1. Plan a fixed-size brainstorming list. Pick a number to form your base of ideas. I usually do 10-30 when brainstorming, but you can do up to 100. Until you fill this list, don’t allow yourself to refine or act on any of the ideas. This activity forces you to focus only on generating ideas instead of perfecting them.
  2. Forced followup on at least one idea. Once you’ve generated an overabundant list, commit that you will start working on at least one of these ideas. Even if the idea won’t be suitable, this step forces you to organize your current ideas. Commit to followup on an idea for a minimum amount of time.
  3. If the ideas won’t work, backup and restart. I’ve found that this stage is relatively rare. If you generate a large list of alternatives and commit long enough to followup on one idea, restarting the process isn’t usually necessary. But even if you do need to restart, separating the activities can be much faster than trying to juggle both tasks at the same time.

What are some creative tasks you regularly need to take on? Are there any ways you could split up your flows to save time?

  • Matthew

    Thanks for the great post. After 600 articles, you still manage to include insights that both clarify and relate to what I have experienced.

  • Andy2

    I was a bit critical of your new e-book, but I really like this post. Good way to simplify the process and be more productive. Well done.

  • jo

    Ancient Indian mythology said that the universe is the result of a triumvirate (a creator, a maintainer, and a destroyer). Your post is along the same lines…only more practical 🙂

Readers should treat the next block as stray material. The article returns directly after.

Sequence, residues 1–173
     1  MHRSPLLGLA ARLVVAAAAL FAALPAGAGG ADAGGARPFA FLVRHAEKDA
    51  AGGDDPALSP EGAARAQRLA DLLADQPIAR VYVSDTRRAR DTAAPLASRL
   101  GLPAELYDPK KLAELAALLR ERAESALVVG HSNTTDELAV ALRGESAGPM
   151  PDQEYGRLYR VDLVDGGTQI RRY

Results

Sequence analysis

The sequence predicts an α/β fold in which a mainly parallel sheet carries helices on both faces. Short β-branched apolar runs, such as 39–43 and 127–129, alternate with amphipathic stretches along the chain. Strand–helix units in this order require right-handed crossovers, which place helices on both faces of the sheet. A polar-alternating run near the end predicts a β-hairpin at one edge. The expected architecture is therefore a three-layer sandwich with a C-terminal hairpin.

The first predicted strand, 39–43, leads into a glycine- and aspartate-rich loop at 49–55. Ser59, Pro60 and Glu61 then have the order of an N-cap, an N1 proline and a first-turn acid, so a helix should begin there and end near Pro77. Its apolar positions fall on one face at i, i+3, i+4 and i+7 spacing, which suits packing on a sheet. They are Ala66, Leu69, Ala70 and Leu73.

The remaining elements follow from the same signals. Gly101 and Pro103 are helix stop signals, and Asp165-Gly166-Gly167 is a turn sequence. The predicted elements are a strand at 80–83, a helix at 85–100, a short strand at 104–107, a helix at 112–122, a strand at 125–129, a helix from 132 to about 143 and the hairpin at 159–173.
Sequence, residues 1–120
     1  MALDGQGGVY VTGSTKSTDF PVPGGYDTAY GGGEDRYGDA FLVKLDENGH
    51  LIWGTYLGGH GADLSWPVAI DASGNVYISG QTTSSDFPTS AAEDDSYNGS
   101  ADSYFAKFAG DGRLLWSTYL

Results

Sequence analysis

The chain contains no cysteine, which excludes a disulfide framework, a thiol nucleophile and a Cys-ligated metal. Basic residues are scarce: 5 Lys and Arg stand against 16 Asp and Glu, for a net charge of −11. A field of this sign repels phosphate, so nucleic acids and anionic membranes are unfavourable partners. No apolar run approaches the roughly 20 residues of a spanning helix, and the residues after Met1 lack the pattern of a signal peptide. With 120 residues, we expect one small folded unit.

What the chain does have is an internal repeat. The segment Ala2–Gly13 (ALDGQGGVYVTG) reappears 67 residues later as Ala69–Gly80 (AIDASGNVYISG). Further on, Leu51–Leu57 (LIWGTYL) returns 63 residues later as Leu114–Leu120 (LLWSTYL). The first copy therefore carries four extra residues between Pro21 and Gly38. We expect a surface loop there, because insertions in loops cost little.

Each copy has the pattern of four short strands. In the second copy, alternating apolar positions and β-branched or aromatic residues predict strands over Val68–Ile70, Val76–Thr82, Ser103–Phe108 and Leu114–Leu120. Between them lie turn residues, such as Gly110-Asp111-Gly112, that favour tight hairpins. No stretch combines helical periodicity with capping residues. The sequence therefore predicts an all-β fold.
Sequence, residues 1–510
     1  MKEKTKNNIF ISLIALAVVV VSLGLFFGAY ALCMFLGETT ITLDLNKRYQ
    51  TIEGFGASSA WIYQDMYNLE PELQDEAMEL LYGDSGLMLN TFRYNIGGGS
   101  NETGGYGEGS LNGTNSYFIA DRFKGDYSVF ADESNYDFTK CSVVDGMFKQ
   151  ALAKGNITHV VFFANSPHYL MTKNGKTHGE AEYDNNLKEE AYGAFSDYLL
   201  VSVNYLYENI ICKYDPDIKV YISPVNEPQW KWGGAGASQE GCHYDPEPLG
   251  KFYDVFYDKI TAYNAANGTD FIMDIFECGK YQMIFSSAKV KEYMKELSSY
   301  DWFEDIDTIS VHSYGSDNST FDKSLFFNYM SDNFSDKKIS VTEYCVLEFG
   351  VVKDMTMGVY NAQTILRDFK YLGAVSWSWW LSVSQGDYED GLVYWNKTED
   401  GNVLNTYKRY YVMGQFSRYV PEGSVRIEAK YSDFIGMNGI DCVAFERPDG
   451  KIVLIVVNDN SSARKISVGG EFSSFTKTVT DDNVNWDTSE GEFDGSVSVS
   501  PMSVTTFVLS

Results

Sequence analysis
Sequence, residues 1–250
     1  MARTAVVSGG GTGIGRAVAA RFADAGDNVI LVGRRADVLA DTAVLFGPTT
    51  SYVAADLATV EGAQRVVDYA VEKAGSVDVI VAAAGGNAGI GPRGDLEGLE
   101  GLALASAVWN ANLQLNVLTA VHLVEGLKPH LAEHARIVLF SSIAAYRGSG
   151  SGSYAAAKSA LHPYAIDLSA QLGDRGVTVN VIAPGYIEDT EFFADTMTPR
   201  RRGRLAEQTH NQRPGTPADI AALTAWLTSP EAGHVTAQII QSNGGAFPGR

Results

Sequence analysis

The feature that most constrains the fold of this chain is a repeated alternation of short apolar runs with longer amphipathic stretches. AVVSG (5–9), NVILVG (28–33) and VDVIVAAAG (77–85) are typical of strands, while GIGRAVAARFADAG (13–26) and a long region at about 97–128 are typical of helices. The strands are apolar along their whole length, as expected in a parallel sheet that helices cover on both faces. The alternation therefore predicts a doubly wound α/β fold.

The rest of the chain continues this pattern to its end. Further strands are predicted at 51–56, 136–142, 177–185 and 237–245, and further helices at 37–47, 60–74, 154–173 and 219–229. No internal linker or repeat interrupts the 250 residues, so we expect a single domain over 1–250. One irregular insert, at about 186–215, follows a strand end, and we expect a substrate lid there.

• Scott Young


    Well I don’t worship Shiva every time I need to perfect an idea, but I suppose there is a similar parallel 😉


  • Rick

    Wow, I am new to blogging but am impressed with your insight and sheer volume of work. Very impressive. Although I have many years of experience to draw from I find the toughest thing about blogging is the creative spark for new articles. What is your secret? Please feel free to visit and share any advice or feedback you may have. Continued success in your life’s journey. Rick

  • David

    I read an e-book on brainstorming recently and they had some similar advice to yours. They recommended having a “brainstorming” session in which you are not allowed to judge your ideas (or those of others if you’re in a group) and a “cold-water session” in which ideas can be evaluated. I like the way you put it though.

  • Scott Young


    If you want to know how to write 600 posts, just pick a posting schedule and stick to it. This will mean you have some days where ideas flow easily, and others where you need to put in a lot of sweat to get something good. But I believe, in the end, you’ll get far more done than the person that writes on a whim.


  • Charlie Gilkey

    Great post. I often tell my students (I teach philosophy) to start with a question they have about their topic and write about why that question puzzles them rather than starting with the assignment. I think the reason that this works is because they don’t worry so much about the right answer but they just start being creative. Later on, they see how they can get the ideas to work into the assignment, whereas if they just started with the assignment, they would be frustrated and would quit. Sometimes I teach the theory behind it, and when I do, it follows much the same lines as your explanation here.

    Keep up the great work.

  • Copywriter

    After the diverging phase there is the converging phase.
    It’s a great idea to not only separate these two phases in a brainstorming, but also when you are working creatively on your own.


  • SpeedingUpMyComputer

    I found your post looking for help with my own computer issues. Didnt fix my original problem, but still a good read. Sometimes i think it would just be easier to buy a spanking new computer then keep the one i have